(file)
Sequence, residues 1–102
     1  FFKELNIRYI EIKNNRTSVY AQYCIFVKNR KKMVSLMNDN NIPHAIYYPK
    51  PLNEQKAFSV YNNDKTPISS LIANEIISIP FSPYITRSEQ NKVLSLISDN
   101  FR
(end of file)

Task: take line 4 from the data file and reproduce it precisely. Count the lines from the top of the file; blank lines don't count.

   101  FR